This is brilliant. A book by a Nobel Peace Prize winner, I wanted to read this book ever since I watched Nadia's speeches. Knowing her story opens up your eyes to the realities of religious extremism and the extent to which women suffer because of it throughout the world. Rape has been used in many wars and terrorists often distort religious interpretations to fulfill their animal side. It is a revelation to hear the story of a survivor of war crimes in such gory details. Much of the book reads in dialogues and is easy to follow. From the point of view of a single story, geopolitical background and the ground situation is unraveled. It is heartbreaking to hear the stories of loss from one life, it is hard to even imagine a loss of this magnitude happening to an entire community. Voices like Nadia give me hope and strength for the future of women's causes throughout the world.
The Female Eunuch by Germaine Greer
Published in 1970, translated into eleven languages: this is reflective of its international-bestseller status and its profound impact on the 1970s feminist movement. Greer is praised for her direct and candid depictions of female sexuality, enlisting bold language and humor to state her convictions. She proposed that the ‘traditional’ family structure is fundamentally responsible for the repression of female sexuality, rendering women metaphorical eunuchs. Through the pillars of ‘Body’, ‘Soul’, ‘Love’, and ‘Hate’, historical definitions of women’s self-perceptions are illuminated. I, personally was challenged by her to see women as people beyond their roles of daughter, wife, mother. Greer is truly a champion for women’s sexual self-awareness and exploration, through opposition to celibacy and monogamy as hard-and-fast rules, Greer emphasizes the importance of women coming to know and accept their bodies. She is also a passionate advocate for insurgency in the fight for women’s freedoms. However, she sees no merit in ‘burn-the-bra’ rebellion and acknowledges their invention as “ludicrous”, she also warns that to make bralessness a rule is to self-impose yet another medium of repression. As such, Greer is successful in challenging our notions of typical feminist narratives, as well as paradigms of women’s sexuality.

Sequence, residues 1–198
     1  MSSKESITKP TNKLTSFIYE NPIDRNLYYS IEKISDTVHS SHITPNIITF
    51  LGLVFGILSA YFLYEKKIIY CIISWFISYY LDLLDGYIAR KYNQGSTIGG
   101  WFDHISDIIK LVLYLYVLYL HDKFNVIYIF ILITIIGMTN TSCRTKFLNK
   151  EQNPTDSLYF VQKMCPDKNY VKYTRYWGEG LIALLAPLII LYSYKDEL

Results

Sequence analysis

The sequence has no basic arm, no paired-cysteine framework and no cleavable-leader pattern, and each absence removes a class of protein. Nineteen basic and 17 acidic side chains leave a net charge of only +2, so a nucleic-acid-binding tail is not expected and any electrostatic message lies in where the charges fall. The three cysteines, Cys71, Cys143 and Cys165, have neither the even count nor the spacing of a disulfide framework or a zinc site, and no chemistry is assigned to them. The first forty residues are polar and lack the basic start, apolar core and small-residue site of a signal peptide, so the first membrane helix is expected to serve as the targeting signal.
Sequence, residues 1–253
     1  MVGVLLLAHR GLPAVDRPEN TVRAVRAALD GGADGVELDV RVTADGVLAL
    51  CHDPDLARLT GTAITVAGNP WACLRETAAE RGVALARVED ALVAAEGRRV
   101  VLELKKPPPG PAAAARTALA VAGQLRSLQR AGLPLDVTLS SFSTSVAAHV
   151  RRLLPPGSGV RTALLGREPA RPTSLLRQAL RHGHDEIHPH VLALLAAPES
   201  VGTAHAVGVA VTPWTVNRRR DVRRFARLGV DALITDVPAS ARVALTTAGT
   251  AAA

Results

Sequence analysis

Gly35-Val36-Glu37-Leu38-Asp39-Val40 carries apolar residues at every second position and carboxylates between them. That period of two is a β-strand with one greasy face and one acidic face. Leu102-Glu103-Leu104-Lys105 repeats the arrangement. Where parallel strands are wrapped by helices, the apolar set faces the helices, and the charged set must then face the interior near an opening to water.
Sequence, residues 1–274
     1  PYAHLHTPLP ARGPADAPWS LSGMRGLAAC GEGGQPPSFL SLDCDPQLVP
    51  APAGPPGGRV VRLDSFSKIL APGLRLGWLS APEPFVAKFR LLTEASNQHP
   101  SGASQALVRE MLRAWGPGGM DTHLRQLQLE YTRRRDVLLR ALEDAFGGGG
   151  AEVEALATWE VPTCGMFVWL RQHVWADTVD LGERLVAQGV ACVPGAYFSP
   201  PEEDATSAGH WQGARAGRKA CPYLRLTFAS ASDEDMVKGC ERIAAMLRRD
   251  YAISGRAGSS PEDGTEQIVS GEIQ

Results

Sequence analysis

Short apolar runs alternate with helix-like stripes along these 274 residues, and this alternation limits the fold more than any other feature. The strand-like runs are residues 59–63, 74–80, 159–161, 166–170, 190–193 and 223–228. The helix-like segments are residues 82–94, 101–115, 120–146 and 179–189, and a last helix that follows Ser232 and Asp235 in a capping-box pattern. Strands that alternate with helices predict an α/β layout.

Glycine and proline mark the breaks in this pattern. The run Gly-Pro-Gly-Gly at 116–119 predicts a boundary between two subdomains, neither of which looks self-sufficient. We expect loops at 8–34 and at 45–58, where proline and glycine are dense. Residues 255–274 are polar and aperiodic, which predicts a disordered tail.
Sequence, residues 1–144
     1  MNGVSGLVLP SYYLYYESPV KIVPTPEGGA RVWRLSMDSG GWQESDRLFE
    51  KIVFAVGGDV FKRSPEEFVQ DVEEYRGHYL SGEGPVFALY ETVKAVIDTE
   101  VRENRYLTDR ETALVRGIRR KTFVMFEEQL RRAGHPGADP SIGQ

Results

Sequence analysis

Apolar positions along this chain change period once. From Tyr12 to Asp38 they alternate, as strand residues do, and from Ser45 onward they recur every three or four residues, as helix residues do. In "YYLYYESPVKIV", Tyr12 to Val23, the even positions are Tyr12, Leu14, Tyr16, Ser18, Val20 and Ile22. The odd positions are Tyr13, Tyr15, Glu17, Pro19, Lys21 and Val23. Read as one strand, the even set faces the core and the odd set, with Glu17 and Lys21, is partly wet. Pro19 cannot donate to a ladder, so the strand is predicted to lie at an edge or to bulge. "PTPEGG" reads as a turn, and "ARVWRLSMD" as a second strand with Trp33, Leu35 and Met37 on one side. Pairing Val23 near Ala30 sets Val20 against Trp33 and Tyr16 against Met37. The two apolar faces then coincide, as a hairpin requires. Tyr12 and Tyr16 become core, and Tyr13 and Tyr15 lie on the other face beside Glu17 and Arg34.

West with the Night by Beryl Markham
It’s only due to bad timing that Beryl Markham is not an international icon. She was an award-winning racehorse trainer by 17 (the first woman to do so) and eventually a record-breaking one. Not content with that, she became the first woman aviator in East Africa, and the first person (man or woman) to successfully fly solo, non-stop across the Atlantic from east to west, which many had died trying before she succeeded. In an era where even high society Western women were supposed to marry young and spend their lives raising children, she had several high-profile romances with many of the most famous men of the day, insisting on doing things that men were allowed to do. These are only a few of the many things that made her life so remarkable. Her autobiography West with the Night is so insanely well written, given that Beryl never finished high school, that even Ernest Hemingway confessed that she was a better writer than him. This book inspired me for how to lead a life that consistently breaks with convention and transcends boundaries. It just happens to be written by a woman.
The Naked Woman: A Study of the Female Body by Desmond Morris
This book helped me to understand how the female body is seen anthropologically. It helped me understand in what ways female bodies are looked at culturally and socially. As women, we are often trapped in the dilemma and shame about our body parts and their functions, and this book helped me in understanding ourselves better biologically and in a much more empowered way.
The Blue Sweater: Bridging the Gap Between Rich and Poor in an Interconnected World by Jacqueline Novogratz
The blue sweater is an inspiring story of a woman named Jacqueline Novogratz from whom I have had the humble opportunity to learn the art of creating solutions for the underserved with dignity and compassion. The title embodies an incident when the author gives her favorite “blue sweater” for charity, only to find a boy in Rwanda wearing the same sweater years laters touching upon a beautiful concept of interconnectivity among humans through our actions for others. It also, through many interesting stories, tells you how charity is not the answer to eliminate world poverty or create long term social impact but it is the power of philanthropic investing and patient capital that can solve these major world challenges. From her life starting as a banker to her groundbreaking organization that invests deeply in social change. This book truly embodies that value of finding and rebuilding yourself for others amidst suffering.